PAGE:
Suite Magazine: The Tranquil Teahouse in a Chinese Garden

Overlooking the glassy, lily pad-studded lake at Lan Su Chinese Garden is the Tower of Cosmic Reflections. Home to the garden’s two-story teahouse, it is an oasis of dark lacquered wood rooms where visitors to the garden can reflect, meditate, and enjoy the true purpose of Chinese tea culture: to bring people together, nurture relationships, and show respect.

The airy, serene space is decorated with classic artwork, shelves of gaiwan (small ceramic cups for brewing tea), yixing (small clay teapots), chahai (petite tea pitchers), ceremonial wares for sale, and, of course, an impressive selection of Chinese tea available by the cup or as a tea ceremony. The teahouse is run by tea company The Tao of Tea, but while The Tao of Tea’s other Portland location boasts teas from around the world, the Lan Su Garden Teahouse focuses on a curated selection of nearly 20 Chinese teas ranging from herbal and green teas to rare pu’er and oolongs.

A white wall within a Chinese teahouse with a decoratively carved window
The outside of a Chinese teahouse with long slender windows peering out at a large tree

The selection changes throughout the year, with specials popping up as they come in. Manager Evonne Tang, who runs the garden teahouse for The Tao of Tea, said there are teas better suited for the winter season. “We drink warm teas, like those with rose petals,” Tang said. “Those kinds of tea for circulation are warmer and more grounding. Green would be too cold for winter.”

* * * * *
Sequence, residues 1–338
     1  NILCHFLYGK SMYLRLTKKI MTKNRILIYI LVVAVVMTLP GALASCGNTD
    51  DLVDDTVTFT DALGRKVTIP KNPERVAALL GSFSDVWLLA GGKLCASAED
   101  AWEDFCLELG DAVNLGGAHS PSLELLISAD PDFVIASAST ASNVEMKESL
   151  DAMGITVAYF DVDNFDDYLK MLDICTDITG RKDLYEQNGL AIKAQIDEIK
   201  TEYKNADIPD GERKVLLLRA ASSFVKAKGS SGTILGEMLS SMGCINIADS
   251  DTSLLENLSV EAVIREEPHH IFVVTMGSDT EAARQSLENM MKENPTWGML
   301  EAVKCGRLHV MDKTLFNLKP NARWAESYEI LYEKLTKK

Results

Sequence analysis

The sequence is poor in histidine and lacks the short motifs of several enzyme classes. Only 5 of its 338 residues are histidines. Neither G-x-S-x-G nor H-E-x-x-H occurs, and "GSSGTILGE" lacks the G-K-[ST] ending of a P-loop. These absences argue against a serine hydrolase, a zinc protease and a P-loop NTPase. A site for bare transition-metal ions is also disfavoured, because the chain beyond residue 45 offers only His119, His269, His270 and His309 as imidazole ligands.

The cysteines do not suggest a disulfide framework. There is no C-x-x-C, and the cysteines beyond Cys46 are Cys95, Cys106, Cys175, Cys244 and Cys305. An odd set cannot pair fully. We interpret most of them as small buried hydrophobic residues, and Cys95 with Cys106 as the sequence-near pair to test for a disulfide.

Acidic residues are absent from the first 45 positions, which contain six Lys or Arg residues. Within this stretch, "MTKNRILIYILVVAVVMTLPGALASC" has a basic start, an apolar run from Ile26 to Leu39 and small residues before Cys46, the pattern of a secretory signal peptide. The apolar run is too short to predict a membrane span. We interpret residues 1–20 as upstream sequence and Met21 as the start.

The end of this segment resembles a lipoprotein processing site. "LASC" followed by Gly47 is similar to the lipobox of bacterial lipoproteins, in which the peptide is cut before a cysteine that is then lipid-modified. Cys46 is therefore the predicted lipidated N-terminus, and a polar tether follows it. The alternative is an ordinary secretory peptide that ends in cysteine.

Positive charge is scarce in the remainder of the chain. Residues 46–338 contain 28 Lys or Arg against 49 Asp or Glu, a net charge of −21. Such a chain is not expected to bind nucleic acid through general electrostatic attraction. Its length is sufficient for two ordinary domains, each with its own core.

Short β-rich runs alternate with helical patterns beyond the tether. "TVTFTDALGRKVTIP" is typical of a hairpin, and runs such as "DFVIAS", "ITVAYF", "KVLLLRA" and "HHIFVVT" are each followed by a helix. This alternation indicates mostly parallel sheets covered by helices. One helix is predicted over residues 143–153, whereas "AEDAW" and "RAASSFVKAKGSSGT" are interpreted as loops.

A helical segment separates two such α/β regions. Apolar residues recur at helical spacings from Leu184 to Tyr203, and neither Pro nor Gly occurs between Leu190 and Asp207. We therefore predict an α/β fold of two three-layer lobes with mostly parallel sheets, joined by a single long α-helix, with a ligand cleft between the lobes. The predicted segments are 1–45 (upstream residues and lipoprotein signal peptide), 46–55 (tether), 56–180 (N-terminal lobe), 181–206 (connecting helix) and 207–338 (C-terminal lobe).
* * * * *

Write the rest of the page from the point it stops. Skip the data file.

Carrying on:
A cup of tea on an old, worn table

Founded in 2000, the Lan Su Chinese Garden is tucked into a quiet corner of Northwest Portland. Much of the garden was built in China—it took 65 Chinese master artisans from Suzhou, Portland’s sister city, 14 months to complete the space, using more than 500 tons of rock from China and more than 300 species of indigenous plants grown in the United States. The result is a garden home to tranquil pavilions, courtyards, and a central lake with the stunning teahouse located on its banks.

A line of people waiting outside of a Chinese teahouse

According to The Tao of Tea manager Evonne Tang, teas such as those with rose petals are well suited for drinking in wintertime.

A tea set on the top of a table
A doorway with elegant carvings around it
A person working behind the counter of a teashop

The garden hosts activities year-round, from silk painting and calligraphers to jazz nights and tai chi, but the largest event happens every winter, Tang said. Chinese New Year, which starts on January 25 in 2020, is celebrated with 15 days of live music, crafts, and lion dances and four nights of lantern viewing. Throughout the year, musicians also perform traditional Chinese music every week in the teahouse.

“The programs and cultural activities are so alive and affect the artist community,” Tang said. “[Lan Su] is quite like a center. It’s amazing.”

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